How Papa Liberated Paris

PrintPrintEmailEmail

Inside, the café was what reporters describe as a shambles, though I have never bothered to learn what a shamble might be. Part of the wall was blown in. The furniture was all either smashed or overturned. The floor was littered with empty bottles, shattered china, and cruets. The air hung heavy with the mingled aromas, neither pleasant, of horse manure and stale beer.

While we looked and poked about, hopeful of finding a name brand to be plucked from the burning, there came from under the overturned bar the lowthroated chuckle of a woman. There was something very pleasant about it, as if she were laughing at us, not because we looked funny but because that was the best way to greet another human.

We turned the bar upright, and she stood. It is enough to say how she looked on first sight, since she did not later change. She was small and slight and much too ill-clad and dirty to be described as a gracious figure. Her dark face was marred by conspicuous buckteeth. The eyes were brown almost to blackness. Her hair was tangled and hung stringily halfway to her waist. Her gown looked like a cut-down Mother Hubbard, once black, faded to gray, and frequently slept in. Such was Elena, and she was just eighteen. But no unkempt damsel ever wore a warmer and less embarrassed smile. I will give Elena that, adding also that her courage made her seem beautiful during the two days we knew her.

The reason for these rough-hewn details is that the great American novelist was later to picture her as a gorgeously bewitching siren who held every man of the column in the hollow of her classic hand. Also, he made of her a profound philosopher, spouting great words about noble causes, whereas I have known few women who have had such an appalling gift of reticence. That was for Collier’s , but it was also for the birds. Elena was, as I have set her forth, simple and unbeautiful. Hemingway hadn’t yet stumbled into this scene, but he was on his way in search of a friendly wall.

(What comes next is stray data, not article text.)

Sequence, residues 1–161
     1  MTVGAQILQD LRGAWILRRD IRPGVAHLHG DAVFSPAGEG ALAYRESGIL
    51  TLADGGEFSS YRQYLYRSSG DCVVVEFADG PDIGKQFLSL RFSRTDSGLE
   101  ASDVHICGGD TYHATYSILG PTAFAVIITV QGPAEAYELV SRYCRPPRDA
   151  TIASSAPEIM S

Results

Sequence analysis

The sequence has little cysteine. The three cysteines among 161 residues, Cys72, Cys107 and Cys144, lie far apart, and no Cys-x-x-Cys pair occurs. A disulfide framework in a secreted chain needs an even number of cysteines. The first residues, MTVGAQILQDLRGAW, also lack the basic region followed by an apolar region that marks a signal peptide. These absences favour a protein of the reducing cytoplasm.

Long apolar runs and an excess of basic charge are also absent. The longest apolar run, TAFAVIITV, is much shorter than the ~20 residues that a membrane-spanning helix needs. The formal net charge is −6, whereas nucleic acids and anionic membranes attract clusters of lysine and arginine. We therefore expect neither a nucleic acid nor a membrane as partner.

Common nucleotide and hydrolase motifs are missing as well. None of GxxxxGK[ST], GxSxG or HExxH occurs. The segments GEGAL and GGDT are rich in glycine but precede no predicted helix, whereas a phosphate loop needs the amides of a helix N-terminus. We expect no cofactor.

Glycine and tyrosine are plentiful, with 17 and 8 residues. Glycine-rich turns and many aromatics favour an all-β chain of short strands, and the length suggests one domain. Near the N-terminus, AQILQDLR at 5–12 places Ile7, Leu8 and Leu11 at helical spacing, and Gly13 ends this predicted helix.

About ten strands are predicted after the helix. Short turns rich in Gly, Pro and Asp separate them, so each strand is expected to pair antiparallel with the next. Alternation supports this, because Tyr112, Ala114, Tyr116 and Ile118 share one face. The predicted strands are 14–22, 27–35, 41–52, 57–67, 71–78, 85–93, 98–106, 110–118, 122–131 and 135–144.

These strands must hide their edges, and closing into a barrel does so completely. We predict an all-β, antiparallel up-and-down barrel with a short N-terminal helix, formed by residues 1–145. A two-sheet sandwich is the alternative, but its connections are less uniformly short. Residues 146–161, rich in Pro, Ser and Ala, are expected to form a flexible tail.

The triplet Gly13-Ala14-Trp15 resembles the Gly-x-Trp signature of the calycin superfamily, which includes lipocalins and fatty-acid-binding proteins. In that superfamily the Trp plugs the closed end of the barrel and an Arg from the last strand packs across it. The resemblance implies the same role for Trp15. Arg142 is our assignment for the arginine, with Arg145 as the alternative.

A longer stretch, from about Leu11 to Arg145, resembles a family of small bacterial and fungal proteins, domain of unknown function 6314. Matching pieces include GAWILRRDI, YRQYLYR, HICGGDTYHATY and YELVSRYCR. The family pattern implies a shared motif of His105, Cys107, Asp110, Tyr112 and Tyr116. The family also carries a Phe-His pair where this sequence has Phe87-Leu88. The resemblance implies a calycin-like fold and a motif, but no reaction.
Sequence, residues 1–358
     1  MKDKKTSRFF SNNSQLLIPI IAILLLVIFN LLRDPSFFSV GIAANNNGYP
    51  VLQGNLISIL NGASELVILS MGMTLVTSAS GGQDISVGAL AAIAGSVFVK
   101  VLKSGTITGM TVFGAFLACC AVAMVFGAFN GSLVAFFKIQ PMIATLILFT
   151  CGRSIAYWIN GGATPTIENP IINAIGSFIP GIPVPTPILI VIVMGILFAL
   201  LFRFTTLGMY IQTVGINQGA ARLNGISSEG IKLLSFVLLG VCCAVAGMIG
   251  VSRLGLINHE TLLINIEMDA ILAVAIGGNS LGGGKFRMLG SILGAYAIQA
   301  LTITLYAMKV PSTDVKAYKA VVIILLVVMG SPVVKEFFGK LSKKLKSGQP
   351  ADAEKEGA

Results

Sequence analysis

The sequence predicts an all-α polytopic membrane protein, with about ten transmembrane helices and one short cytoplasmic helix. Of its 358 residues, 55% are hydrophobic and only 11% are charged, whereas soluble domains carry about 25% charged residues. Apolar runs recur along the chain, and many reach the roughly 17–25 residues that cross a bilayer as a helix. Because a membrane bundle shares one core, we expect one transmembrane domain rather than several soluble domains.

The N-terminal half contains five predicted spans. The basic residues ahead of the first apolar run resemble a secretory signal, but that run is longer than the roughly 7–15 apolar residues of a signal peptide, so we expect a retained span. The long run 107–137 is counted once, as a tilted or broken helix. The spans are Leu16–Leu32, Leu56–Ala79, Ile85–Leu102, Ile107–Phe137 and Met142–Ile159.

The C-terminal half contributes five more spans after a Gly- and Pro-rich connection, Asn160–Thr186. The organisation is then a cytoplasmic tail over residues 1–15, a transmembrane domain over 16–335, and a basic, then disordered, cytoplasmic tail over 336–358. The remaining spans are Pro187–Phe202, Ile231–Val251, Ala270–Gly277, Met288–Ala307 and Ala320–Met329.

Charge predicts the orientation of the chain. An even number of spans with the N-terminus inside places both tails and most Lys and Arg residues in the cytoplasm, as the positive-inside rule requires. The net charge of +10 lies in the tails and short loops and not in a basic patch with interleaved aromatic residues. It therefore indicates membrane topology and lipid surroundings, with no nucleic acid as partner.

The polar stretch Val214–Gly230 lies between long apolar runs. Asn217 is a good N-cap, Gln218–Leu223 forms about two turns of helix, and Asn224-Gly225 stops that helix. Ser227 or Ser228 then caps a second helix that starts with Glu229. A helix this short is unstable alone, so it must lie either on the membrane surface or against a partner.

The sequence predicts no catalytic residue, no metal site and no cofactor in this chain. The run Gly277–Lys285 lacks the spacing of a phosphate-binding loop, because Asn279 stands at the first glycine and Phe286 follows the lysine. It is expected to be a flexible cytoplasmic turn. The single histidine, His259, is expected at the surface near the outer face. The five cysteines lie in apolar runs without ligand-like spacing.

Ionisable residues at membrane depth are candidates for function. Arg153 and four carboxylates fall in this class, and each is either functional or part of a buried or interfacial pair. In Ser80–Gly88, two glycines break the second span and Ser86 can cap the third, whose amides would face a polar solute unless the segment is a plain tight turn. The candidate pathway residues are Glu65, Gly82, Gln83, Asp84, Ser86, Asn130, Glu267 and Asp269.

Elena’s first words were: “What is American opinion of Marshal Pétain?” So help me—that was what she said even before she had tugged at a stocking or straightened her dress. A most unusual woman, though the strangeness of her mental processes was no more startling than the irregularity of her speech. A light dawned. Since her French was almost as abominable as my own, she too must be a stranger.

I said in Spanish: “You are not French?” (We never got around to saying how Pétain rated back home.) She grinned proudly and replied: “I’m from Bilbao. I came here to fight with the resistance. My man is F.F.I. He’s somewhere out in front of this column.”

As she said it, Hemingway came through the door. We had last talked at Key West in 1936. But it could have been yesterday. Like Elena, Ernest wasn’t saying any on-stage words for history. He simply yelled: “Marshall, for God’s sake, have you got a drink?” I said: “We’ve ransacked this place; we don’t have; we have not.”

Westover spoke: “Boss, there’s a fifth of Scotch in your pack back in the jeep. You put it there three weeks ago and forgot it.” I said: “OK, Big Mouth, for having such a good memory you can walk back through that fire and get it.” He did.

One of the minor surprises of war is the great thirst on the part of any group of fugitives from the law of averages. With Elena helping—I had just introduced her to Hemingway—that Scotch soldier was dead within twenty minutes. So, by then, were quite a few members of the German battery, the French artillery having at last gotten the range.

But that isn’t how the story came out in Collier’s . Here’s how Ernest saw it: “I took evasive action and waded down the road to a bar. Numerous guerrillas were seated in it singing happily and passing the time of day with a lovely Spanish girl from Bilbao whom I had last met at Cognières. This girl had been following wars and preceding troops since she was fifteen, and she and the guerrillas were paying no attention to the accrochage at all. A guerrilla chief named C— asked me to have a drink of his excellent white wine.” Ah there, romance, and isn’t it fun to be a pack of guerrillas once in a lifetime? Who’d have thought it?

We were soon joined by a character with the nom de guerre of Mouton, leader of the local F.F.I. His real name was Michel Pasteur. This particular scion of the great scientist was about thirty-five, tall and spare, with flaming red hair and sky-blue eyes. He had the stride, carriage, and dress of a hog drover. Beyond his courage, Mouton’s overawing asset was his silence. He made himself understood by means of a grunt, varyingly intoned. It wasn’t his fault exactly that in the Hemingway stories about the liberating of Paris, Mouton became the reincarnated Demosthenes. Somebody had to put words in his mouth.